The next step is deciding whether the project is viable based on the results of a topographical survey. This is done using a combination of Real Time Kinematik (RTK) GPS, drone technology, or Light Distance and Ranging (LiDAR) data collected over large areas with a helicopter or fixed-wing aircraft.
“We take that and turn it into a digital terrain model, basically a canvas we design our tile drainage system on. When we submit our application that contour map is submitted as well. Dated aerial photos give the government reference as to how frequently that particular area is wet.”
Designing a tile drainage plan in Alberta is often a lot less straightforward than in other provinces, he added.
“In Alberta we have a lot of rolling country and potholes, making it challenging to gather water from lower areas and move it away.”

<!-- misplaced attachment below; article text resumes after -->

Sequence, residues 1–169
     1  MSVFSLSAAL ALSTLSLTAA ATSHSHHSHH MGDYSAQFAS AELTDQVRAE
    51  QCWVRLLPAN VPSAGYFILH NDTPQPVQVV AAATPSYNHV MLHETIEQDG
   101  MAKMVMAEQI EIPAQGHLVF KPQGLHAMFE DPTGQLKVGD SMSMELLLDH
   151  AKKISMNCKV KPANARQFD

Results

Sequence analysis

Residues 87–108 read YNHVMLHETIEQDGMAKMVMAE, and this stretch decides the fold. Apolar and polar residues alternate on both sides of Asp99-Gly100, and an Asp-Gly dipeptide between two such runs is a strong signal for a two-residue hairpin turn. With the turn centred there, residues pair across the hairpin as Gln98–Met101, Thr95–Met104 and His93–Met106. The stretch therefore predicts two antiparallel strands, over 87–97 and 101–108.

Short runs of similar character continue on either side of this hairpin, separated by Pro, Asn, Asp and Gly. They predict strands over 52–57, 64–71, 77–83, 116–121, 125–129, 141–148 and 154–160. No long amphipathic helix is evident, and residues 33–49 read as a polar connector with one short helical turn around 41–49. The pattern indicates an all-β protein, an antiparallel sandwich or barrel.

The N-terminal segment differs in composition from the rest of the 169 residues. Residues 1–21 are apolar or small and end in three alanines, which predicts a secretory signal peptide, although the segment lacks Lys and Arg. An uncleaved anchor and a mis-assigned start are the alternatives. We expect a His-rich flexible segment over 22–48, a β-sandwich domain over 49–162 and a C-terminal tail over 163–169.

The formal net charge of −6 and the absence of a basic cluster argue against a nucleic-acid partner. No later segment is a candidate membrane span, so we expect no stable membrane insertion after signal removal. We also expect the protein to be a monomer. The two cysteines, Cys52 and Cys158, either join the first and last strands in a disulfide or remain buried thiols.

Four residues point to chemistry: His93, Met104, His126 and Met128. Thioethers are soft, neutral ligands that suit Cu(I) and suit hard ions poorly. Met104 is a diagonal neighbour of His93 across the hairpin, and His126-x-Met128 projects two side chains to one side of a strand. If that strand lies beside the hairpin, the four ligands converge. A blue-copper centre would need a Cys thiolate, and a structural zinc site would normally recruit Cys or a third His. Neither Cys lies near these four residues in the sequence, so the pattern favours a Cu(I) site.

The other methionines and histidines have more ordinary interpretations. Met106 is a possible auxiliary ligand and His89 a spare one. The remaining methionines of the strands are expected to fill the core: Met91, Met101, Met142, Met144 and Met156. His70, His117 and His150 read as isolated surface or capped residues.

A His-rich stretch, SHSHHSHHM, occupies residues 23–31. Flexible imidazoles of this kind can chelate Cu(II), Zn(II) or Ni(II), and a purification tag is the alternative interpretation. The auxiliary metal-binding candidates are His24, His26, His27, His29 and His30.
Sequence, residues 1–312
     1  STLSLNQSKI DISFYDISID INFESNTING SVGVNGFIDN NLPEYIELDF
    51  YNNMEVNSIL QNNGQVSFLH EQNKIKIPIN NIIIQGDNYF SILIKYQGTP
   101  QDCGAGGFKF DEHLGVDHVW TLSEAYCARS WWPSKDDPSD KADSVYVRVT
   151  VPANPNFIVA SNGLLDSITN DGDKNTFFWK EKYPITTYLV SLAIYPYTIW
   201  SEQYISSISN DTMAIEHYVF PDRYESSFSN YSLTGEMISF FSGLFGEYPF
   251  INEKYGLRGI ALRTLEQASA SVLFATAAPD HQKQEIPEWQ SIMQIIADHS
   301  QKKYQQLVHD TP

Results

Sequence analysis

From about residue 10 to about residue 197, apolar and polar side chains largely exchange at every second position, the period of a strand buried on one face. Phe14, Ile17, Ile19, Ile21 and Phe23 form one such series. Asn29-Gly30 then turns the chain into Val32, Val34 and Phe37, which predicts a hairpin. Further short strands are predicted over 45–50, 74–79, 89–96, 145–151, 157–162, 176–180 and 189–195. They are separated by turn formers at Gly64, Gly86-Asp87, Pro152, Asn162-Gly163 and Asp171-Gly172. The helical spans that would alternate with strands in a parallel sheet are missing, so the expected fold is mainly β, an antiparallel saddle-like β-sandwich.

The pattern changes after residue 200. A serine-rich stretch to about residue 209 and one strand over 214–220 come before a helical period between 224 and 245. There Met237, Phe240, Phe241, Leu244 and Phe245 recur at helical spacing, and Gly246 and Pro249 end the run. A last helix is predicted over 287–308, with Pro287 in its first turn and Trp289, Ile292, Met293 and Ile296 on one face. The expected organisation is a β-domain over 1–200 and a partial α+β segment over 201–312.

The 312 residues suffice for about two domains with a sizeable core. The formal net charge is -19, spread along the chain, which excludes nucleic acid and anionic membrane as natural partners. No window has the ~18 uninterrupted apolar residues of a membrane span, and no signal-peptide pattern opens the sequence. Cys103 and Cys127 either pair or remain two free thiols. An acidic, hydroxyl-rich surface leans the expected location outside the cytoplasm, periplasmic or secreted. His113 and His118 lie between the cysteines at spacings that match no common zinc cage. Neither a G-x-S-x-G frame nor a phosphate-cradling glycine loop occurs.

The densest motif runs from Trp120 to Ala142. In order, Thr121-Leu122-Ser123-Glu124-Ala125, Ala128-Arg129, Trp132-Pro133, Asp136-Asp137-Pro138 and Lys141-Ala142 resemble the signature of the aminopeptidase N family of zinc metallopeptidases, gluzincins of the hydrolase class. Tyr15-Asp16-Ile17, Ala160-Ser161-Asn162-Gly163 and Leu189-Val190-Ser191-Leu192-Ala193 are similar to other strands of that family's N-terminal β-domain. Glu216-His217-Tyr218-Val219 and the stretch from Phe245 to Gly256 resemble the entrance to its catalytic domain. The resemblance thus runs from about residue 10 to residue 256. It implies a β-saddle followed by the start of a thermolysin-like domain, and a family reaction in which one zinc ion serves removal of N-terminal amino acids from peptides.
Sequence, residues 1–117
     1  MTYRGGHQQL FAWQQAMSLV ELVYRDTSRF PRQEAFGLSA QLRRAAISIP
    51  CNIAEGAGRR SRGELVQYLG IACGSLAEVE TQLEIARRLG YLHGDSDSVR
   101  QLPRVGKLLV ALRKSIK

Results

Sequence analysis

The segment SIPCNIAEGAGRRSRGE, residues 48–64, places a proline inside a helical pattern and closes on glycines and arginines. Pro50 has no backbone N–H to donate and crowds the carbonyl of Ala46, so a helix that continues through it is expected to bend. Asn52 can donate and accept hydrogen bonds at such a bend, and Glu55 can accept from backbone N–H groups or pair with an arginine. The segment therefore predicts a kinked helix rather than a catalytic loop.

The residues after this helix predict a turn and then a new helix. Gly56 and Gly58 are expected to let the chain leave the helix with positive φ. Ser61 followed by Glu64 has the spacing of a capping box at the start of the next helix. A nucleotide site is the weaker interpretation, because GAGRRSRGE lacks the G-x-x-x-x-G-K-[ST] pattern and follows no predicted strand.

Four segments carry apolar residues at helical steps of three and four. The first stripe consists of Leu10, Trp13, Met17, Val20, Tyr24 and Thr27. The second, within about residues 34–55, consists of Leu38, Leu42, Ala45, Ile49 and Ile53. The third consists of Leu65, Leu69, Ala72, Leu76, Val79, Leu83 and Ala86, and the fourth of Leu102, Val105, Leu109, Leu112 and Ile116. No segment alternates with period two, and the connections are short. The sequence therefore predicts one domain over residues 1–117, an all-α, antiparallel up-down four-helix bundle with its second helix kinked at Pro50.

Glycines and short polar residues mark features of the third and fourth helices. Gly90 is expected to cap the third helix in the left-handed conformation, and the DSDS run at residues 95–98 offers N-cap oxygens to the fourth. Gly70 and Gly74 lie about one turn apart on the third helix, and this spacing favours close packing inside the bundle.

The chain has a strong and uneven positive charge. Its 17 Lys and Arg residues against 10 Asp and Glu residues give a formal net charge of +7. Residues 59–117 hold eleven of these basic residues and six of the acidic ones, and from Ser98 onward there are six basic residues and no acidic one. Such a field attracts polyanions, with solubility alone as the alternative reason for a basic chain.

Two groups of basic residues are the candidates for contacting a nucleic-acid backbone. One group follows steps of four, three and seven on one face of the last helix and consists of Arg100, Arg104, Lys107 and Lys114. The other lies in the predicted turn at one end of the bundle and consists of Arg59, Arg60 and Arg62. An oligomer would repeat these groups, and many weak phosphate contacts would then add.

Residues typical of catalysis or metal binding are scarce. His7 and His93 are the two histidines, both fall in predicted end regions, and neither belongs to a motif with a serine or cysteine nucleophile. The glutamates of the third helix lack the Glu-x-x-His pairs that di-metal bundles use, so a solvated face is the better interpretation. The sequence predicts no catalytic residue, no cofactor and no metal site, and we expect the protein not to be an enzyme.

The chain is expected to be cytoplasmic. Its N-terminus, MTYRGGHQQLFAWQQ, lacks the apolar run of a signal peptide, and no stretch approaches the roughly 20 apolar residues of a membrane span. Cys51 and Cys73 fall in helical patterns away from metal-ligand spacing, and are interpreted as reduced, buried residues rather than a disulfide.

Finding outlets for the water on a rolling landscape can be challenging. In some cases, the producer needs to get consent from neighbours to drain onto their property.
“Sometimes there’s just no place to put water — it just pools up and the outlet we would like to use won’t work because of elevation or whatever,” said Tuchscherer.
Also, don’t expect much co-operation from local municipalities when it comes to draining into a county ditch, he said.
“Any of the counties I’ve dealt with will not let us drain into a ditch.”
The final step is to submit an application, including any consent forms from neighbours, to one of Alberta Environment’s four offices in the province.
If approved, the installation of drainage tile can begin. Tuchscherer’s company typically spaces tiles 50 feet apart and 30 inches underground using a GPS-guided, pull-type plow.
“The 50-foot spacing will give you a three-eighths of an inch drainage coefficient, which means you can expect to remove three-eighths of an inch of water in 24 hours,” he said. “It’s not extremely fast but it’s effective.
“Drainage doesn’t happen overnight but having the tile in the ground will lower the water table. Precipitation will eventually wash salt in the soil down below the water table. It could take a couple of years before you see a real improvement. A little patience would be advised.”